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Posted at 9:19 PM ET, 01/12/2011

Arizona memorial: It's not about politics

By Jennifer Rubin

The memorial service in Arizona was in many ways representative of our noisy, increasingly religious and decent country. I didn't care for the raucous-like atmosphere. The Native American chief went on too long and sounded like he had swallowed "Political Correctness for Dummies." But that is minor, and ultimately irrelevant.

What mattered? In time of crisis, public figures return to scripture. Janet Napolitano read from the Old Testament, Eric Holder from the New Testament. It was entirely appropriate, and a reminder that in the age of pop psychology and New Age lingo, nothing fills the heart and the soul like scripture.

As for the president, I was immediately struck by how old and gray he looks. He did not smirk and play to the crowd as Bill Clinton surely would have done. His sober demeanor lessened the cringe-sensation when the assembled hooted and cheered.

As for the president's speech, it was one of his better moments because it avoided politics. Now, he did stray into campaign shouting mode when he said "I have just come from the University Medical Center, just a mile from here, where our friend Gabby courageously fights to recover even as we speak. And I can tell you this -- she knows we're here and she knows we love her and she knows that we will be rooting for her throughout what will be a difficult journey." And similarly when he celebrated the citizen heroes of the day, he likewise did the staccato shout bit. Still, it was in celebration of others, not him.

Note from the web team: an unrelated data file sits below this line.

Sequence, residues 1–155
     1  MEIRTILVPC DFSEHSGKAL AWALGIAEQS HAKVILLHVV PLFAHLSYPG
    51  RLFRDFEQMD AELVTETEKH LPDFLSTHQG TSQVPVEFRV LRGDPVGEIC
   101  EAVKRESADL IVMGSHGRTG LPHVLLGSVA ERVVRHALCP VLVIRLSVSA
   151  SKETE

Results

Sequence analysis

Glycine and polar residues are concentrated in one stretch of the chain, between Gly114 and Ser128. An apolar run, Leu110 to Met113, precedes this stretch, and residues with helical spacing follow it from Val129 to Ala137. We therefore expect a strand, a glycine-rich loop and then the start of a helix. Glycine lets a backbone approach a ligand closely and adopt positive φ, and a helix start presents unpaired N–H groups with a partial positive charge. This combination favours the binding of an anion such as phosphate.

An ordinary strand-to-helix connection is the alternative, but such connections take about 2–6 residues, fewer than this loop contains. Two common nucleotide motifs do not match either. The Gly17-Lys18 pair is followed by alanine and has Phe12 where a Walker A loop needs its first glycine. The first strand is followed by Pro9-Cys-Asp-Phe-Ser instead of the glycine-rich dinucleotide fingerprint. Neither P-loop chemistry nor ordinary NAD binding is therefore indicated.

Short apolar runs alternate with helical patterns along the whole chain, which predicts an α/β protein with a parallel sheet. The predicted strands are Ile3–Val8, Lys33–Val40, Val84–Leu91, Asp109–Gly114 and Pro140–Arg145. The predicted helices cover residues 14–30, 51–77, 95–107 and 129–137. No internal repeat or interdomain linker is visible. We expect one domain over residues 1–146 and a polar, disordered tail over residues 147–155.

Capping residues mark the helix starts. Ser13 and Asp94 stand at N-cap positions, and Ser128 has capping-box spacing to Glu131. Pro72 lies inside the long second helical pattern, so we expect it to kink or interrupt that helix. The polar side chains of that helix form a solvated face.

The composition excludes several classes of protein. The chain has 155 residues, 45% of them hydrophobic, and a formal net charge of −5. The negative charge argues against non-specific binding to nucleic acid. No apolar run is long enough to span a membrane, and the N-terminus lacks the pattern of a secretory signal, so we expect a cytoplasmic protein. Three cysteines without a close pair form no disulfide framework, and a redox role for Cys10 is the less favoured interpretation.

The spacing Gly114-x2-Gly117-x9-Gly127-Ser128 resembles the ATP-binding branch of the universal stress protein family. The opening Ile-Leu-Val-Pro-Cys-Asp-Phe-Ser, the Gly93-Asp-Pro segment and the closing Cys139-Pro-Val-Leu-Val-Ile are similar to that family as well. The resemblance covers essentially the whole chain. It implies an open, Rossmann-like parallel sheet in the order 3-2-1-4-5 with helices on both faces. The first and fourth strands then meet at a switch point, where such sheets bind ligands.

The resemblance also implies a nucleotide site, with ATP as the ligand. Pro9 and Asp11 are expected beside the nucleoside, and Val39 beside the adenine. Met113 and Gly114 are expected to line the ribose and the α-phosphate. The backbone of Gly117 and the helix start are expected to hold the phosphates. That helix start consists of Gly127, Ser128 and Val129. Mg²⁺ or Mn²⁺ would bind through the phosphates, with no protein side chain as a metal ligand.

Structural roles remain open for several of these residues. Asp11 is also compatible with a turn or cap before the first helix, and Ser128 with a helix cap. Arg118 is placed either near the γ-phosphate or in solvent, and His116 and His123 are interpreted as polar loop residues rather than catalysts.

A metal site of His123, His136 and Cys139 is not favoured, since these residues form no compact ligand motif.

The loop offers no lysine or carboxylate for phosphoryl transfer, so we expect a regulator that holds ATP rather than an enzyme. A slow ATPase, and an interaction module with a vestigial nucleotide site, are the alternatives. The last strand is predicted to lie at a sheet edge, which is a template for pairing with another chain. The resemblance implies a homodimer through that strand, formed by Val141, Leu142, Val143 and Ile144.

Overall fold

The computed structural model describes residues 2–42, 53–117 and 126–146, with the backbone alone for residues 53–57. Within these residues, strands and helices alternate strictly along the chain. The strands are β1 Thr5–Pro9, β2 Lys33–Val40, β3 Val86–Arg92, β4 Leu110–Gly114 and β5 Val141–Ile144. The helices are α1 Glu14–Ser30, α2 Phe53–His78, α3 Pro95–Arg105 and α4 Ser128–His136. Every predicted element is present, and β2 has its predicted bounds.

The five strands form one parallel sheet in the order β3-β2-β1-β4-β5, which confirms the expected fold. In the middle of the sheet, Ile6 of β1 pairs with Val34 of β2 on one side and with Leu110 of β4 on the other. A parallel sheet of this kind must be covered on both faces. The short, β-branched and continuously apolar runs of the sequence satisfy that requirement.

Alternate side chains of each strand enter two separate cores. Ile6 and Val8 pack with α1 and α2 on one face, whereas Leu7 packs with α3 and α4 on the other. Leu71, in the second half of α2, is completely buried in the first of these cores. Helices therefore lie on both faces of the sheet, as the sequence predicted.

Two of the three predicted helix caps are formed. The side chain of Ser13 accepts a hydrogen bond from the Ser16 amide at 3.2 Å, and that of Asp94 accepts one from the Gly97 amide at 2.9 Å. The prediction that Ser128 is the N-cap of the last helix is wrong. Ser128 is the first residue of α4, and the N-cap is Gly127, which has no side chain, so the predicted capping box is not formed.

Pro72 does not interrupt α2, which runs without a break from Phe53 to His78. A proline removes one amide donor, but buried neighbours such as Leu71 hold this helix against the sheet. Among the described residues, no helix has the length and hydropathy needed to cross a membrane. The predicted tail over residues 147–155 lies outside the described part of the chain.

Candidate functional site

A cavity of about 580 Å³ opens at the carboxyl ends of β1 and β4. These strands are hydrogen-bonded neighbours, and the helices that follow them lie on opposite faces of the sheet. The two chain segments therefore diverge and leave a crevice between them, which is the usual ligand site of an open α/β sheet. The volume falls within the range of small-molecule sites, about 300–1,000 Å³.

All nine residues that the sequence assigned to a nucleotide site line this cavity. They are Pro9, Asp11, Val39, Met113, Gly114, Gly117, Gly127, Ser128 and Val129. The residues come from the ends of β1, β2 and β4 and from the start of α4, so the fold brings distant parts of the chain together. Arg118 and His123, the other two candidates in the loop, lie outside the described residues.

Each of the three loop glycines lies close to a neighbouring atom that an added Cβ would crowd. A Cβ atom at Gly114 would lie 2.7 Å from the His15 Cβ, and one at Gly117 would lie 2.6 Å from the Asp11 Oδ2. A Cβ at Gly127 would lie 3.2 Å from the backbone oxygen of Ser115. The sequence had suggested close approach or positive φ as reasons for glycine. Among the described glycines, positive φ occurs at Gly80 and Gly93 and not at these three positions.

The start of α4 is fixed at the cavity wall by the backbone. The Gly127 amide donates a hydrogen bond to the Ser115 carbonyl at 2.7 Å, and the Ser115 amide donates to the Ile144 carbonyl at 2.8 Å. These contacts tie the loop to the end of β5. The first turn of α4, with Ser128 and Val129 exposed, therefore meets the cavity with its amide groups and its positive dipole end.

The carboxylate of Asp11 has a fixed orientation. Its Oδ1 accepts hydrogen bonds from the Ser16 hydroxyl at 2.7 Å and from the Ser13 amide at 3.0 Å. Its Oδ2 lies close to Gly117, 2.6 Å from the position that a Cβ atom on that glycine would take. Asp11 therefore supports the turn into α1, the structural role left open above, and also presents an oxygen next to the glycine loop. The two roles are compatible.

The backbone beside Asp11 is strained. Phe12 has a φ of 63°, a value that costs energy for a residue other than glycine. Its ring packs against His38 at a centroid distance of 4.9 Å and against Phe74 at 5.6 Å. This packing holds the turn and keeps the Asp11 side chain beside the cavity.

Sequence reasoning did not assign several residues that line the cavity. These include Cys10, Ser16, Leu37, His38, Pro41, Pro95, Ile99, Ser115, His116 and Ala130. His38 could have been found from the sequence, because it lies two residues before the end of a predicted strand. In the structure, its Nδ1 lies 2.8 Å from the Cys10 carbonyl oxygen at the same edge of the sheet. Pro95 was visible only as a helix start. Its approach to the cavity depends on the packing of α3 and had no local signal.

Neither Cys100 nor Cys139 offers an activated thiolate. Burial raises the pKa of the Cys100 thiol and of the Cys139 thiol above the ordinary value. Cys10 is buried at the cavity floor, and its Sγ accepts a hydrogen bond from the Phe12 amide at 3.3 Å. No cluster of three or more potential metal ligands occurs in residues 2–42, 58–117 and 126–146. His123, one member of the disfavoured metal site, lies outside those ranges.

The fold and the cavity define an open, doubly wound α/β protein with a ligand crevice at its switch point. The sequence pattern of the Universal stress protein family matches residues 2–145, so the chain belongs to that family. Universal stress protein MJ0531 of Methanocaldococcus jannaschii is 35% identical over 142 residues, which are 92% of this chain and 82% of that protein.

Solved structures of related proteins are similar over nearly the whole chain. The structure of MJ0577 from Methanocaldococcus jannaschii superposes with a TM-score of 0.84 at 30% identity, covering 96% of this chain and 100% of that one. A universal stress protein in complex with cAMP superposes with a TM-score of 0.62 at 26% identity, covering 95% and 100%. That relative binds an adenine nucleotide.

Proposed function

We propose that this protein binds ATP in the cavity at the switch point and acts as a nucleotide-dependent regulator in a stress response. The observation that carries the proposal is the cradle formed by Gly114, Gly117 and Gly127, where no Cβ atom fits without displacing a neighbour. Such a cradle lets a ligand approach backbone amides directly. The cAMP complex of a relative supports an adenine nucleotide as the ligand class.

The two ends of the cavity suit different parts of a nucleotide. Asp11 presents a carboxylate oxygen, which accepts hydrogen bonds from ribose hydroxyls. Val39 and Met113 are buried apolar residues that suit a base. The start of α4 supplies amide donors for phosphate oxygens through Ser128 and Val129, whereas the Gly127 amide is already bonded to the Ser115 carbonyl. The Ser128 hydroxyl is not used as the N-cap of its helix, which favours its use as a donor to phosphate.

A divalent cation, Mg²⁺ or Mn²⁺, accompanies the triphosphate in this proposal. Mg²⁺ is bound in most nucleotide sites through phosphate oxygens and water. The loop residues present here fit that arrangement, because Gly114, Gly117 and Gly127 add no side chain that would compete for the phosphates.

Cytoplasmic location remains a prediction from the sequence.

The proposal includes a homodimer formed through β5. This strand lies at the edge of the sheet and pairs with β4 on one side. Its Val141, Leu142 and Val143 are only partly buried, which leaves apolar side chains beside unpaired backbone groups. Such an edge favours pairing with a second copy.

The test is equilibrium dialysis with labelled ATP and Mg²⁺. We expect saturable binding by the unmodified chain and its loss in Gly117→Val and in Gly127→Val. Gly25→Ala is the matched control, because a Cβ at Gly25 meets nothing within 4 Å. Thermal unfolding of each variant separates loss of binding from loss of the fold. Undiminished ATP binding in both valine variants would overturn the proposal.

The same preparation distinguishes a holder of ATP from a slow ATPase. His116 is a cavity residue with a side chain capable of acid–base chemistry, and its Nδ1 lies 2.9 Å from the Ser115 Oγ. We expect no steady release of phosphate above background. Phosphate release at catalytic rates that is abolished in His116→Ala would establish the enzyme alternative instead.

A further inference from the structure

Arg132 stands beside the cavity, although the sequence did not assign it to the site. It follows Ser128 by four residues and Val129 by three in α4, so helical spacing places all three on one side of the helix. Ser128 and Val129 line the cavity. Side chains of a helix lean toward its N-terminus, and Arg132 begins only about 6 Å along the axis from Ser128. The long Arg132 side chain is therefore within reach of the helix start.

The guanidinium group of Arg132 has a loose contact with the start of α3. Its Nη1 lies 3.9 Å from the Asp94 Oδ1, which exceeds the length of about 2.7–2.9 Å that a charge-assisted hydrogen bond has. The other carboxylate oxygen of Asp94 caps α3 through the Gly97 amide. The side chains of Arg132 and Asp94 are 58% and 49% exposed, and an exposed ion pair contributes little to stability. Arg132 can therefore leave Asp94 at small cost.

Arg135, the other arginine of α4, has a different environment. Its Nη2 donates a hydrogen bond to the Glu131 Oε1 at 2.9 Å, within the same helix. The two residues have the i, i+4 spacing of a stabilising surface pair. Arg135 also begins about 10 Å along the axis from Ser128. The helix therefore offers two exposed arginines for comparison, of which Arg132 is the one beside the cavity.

As for the substance of the speech, this was the most meaningful passage:

You see, when a tragedy like this strikes, it is part of our nature to demand explanations -- to try to impose some order on the chaos, and make sense out of that which seems senseless. Already we've seen a national conversation commence, not only about the motivations behind these killings, but about everything from the merits of gun safety laws to the adequacy of our mental health systems. Much of this process, of debating what might be done to prevent such tragedies in the future, is an essential ingredient in our exercise of self-government.

But at a time when our discourse has become so sharply polarized -- at a time when we are far too eager to lay the blame for all that ails the world at the feet of those who think differently than we do - it's important for us to pause for a moment and make sure that we are talking with each other in a way that heals, not a way that wounds.

Scripture tells us that there is evil in the world, and that terrible things happen for reasons that defy human understanding. In the words of Job, "when I looked for light, then came darkness." Bad things happen, and we must guard against simple explanations in the aftermath.

For the truth is that none of us can know exactly what triggered this vicious attack. None of us can know with any certainty what might have stopped those shots from being fired, or what thoughts lurked in the inner recesses of a violent man's mind. So yes, we must examine all the facts behind this tragedy. We cannot and will not be passive in the face of such violence. We should be willing to challenge old assumptions in order to lessen the prospects of violence in the future.